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Nutrition and health

Food availability in Singapore from 1961 to 1983: implications for health research
Outpatient rehabilitation of severe protein energy malnutrition (PEM)

Food availability in Singapore from 1961 to 1983: implications for health research

Lee Hin Peng
Department of Social Medicine and Public Health, Faculty of Medicine, National University of Singapore, Singapore Singapore Cancer Registry, c/o University Department of Pathology, National University Hospital, Singapore

Lynn Gourley
Singapore Cancer Registry


It is well established that diet plays an important role in health and disease. In Singapore, concern has changed from undernutrition to over nutrition and selective malnutrition. Obesity is now common in schoolchildren and adults [1, 2], and diseases of the circulatory system, especially ischaemic heart disease, are increasing [3] . Among some of the diet-related malignancies, cancers of the stomach and oesophagus are declining while those of the colon, rectum, and breast are increasing [4]. These facts point to an urgent need to study possible recent changes in dietary patterns.

Dietary surveys and nutritional surveys include studies of infants and children in Singapore, which have been either hospital-based or clinic-based [5, 6, 7] or community-based studies restricted to special groups [8, 9, 10]. Only two studies have reported on the general population: one of these surveyed the diets of urban Chinese households in Singapore [11], and the other considered only the intake of protein foods of high biological value in all three major ethnic groups in the lower income category [12]. A more recent study was confined to some male employees of a large public agency [13]. None of these provided representative data for a proper analysis of trends in nutritional intakes.

One important reason for this paucity of information is the difficulty of conducting nutritional assessments in a population such as Singapore's, where dietary habits are so varied. Local dishes usually have complex mixtures of ingredients, and dietary recall is, therefore, hindered, and dietary assessments to evaluate nutritional status are generally tedious and time-consuming.

This article seeks to document the trends in food availability in Singapore based on data compiled by the Food and Agricultural Organization (FAO) since 1961 [14, 15] and unpublished data for Singapore. The primary objective of this study is to describe the broad trends of food and nutrient availability or disappearance in Singapore, with the aim of identifying areas for further research.


Food availability is calculated as the total quantity of a foodstuff produced, imported, and in stock, minus the quantity exported, fed to livestock, used for seed, put to industrial or other non-food uses, and lost during storage and transportation. The final figure for food availability represents the amount of food that reaches the consumer and is not necessarily equal to the amount actually consumed. Inevitably, the amount consumed is lower than that available because of losses of edible food and nutrients in the household during storage, preparation, cooking, and plate-waste.

The FAO food composition data indicate the availability of the major nutrients per capita of the population. These figures are derived statistics and are dependent on the accuracy of the underlying basic trade statistics, population census data, and data on the nutritive value of foods. Obviously the accuracy of these basic data varies a great deal from country to country. Moreover, gaps in the data inevitably occur, for which the FAO prepares estimates.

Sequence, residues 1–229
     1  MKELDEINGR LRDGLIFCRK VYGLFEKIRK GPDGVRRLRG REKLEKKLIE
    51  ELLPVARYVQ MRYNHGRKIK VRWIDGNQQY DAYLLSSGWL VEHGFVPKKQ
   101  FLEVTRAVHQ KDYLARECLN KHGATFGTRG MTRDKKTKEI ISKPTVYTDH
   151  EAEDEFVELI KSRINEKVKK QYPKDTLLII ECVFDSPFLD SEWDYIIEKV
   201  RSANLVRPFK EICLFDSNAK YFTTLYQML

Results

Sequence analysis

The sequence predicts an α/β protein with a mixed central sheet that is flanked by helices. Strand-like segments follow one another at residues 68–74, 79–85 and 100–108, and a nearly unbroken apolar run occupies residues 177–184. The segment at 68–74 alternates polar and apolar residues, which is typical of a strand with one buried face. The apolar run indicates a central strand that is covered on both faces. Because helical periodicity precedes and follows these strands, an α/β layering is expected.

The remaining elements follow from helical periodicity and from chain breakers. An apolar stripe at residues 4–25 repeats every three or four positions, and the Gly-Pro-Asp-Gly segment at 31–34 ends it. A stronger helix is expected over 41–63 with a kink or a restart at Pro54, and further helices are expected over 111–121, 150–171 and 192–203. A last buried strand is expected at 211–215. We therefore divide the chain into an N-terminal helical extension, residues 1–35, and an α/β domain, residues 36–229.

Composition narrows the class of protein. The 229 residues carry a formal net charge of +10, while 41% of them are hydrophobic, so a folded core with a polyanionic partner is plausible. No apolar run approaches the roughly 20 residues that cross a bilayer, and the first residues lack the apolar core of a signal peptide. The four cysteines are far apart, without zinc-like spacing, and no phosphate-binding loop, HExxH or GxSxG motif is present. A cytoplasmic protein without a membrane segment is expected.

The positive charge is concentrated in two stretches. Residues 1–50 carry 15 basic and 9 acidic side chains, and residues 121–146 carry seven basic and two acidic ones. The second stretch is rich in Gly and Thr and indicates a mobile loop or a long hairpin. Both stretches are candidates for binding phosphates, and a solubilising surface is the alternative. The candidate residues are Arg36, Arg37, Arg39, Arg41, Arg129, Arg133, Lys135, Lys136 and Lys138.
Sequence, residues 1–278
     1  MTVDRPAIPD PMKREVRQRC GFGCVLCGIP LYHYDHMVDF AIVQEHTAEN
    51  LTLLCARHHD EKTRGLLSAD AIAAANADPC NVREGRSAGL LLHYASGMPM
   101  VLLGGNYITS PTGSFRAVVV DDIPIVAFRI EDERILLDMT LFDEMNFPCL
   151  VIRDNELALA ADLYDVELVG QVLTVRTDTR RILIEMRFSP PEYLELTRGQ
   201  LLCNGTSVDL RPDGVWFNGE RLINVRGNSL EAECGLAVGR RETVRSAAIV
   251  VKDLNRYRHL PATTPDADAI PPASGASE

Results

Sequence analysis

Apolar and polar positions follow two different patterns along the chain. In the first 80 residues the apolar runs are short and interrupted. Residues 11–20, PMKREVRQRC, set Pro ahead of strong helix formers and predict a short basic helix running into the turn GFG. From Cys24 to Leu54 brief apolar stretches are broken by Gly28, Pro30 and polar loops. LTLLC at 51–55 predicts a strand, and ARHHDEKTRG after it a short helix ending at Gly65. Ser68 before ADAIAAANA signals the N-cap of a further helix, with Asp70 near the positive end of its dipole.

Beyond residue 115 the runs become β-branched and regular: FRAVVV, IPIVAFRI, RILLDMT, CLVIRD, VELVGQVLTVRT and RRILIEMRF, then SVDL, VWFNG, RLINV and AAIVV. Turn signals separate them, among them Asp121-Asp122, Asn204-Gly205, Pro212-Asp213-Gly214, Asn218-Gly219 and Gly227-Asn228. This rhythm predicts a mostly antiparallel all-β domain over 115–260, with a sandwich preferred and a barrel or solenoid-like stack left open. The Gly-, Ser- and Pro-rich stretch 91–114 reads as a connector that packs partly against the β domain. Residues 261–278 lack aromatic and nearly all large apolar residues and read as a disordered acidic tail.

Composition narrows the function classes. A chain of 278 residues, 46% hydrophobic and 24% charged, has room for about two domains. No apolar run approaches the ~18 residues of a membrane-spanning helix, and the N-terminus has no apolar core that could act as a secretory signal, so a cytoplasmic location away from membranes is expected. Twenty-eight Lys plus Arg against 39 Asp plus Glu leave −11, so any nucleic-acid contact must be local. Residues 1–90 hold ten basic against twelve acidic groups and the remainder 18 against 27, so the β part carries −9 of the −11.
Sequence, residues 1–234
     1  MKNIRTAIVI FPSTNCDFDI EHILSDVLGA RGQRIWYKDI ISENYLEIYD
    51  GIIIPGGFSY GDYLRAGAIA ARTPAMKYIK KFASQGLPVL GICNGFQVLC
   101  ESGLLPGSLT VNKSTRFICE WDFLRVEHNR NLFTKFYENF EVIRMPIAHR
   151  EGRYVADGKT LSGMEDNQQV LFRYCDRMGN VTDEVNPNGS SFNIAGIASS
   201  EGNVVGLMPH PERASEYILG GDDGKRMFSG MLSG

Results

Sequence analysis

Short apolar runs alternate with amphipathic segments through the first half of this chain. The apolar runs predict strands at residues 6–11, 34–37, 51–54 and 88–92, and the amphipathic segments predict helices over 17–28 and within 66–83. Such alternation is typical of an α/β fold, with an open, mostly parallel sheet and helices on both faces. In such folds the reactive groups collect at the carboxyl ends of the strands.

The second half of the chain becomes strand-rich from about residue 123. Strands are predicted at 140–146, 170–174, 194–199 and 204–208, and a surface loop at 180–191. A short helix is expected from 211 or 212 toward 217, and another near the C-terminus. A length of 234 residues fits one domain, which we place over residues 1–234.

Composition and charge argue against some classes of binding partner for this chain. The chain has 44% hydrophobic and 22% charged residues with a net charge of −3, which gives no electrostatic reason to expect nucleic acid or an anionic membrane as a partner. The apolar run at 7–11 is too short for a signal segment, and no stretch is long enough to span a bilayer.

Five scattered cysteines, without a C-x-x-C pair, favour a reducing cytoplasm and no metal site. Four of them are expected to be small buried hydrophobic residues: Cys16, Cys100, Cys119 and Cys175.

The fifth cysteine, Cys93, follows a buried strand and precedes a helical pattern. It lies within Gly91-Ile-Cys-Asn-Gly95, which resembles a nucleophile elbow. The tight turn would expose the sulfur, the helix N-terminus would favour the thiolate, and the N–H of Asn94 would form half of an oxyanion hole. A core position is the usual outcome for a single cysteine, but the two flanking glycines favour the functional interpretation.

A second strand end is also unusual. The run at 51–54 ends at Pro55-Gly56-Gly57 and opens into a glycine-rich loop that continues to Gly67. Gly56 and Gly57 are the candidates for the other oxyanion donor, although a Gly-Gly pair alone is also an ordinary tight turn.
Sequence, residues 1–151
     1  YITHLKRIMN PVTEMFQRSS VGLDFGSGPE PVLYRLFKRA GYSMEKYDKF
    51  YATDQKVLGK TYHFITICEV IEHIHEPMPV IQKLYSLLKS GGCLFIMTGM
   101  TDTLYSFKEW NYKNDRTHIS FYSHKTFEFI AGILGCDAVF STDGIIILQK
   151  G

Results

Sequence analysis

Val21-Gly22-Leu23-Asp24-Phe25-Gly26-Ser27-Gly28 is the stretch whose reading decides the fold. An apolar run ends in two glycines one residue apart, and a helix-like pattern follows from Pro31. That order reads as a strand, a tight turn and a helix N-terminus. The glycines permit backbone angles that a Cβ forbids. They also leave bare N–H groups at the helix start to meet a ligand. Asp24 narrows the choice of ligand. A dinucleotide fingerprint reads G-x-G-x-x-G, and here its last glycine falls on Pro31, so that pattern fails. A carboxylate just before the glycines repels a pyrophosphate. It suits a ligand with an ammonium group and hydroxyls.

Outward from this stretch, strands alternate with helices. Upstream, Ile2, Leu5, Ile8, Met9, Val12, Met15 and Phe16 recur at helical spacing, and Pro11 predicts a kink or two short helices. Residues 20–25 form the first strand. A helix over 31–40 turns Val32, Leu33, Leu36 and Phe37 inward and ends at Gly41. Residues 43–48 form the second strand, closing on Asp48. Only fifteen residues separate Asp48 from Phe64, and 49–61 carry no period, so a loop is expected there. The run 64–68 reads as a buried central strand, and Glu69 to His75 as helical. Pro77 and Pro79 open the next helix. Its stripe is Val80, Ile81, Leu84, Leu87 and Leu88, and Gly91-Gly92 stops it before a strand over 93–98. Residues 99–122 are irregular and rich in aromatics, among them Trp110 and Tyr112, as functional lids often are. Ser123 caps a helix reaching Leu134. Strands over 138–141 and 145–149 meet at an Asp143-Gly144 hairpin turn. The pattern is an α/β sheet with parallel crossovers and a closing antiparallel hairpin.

TABLE 1. Age- and sex-adjusted recommended daily allowancesa for the Singapore population, as at 1970 and 1980 census

Nutrient RDA, 1970
RDA, 1980 population
Energy (kcal) 2,085 1,894
Protein (9) 38 40
Calcium (mg) 487 486
Iron (mg) 9 9 9 5
Thiamine (mg) 0.84 0.88
Riboflavin (mg) 1.27 1.32
Niacin (mg) 13.9 14.5
Retinal equivalent (m g) 625 665
Ascorbic acid (mg) 27 28

a. Based on the recommendations of the Ministry of Health, Singapore (unpublished).

For the present study dietary fibre supply per capita was calculated using factors derived by Bright-See and McKeown [16] from data on the fibre content of selected foods. For comparison with the estimated average energy requirement (AER) and the recommended daily allowances (RDA) of various nutrients, the current recommendations of the Ministry of Health and the Department of Training and Health Education in Singapore (unpublished), age-and sex-adjusted for the population as a whole, were used (table 1).


Trends in the Food Supply

In the 20-year period from 1961 to 1980, there were increases in the supply of all the major food groups, with the exception of pulses (table 2). The most remarkable change was in the supply of meat and offal, which increased by almost two-and-a-half times, largely because more pork and poultry became available. Other substantial increases were seen for eggs 479 percent), animal oils and fats (72 percent), and fruits (61 percent). A trend towards decreased usage of vegetable oils and fats has been sharply reversed since 1975, but there has not been a corresponding decrease in animal fat usage.

Among the vegetables that have increased substantially in supply are cabbage, tomatoes, French beans, and long beans. Increased fruit availability is largely attributable to apples, oranges, and pears, all of which are imported.

Trends in Nutrient Availability


The per capita calorie supply in Singapore increased gradually from 2,335 kcal in 1961-1963 to 2,938 kcal in 19811983: an increase of 25 percent (fig.1). The proportion of calories from protein remained fairly constant at 9 to 11 percent, but that from fat rose from 16 to 22 percent, with a corresponding decrease in carbohydrate sources.


The supply of total daily protein rose by 34 percent from 55.5 9 to 74.5 9 per capita per day. Animal protein showed a greater rise than vegetable protein: a 52 percent increase compared to a 20 percent increase.


Fat supply markedly increased by 67 percent from 42.8 9 to 71.5 9. Fat from vegetable products was up by 29 percent while that from animal products increased by a drama tic 92 per cent.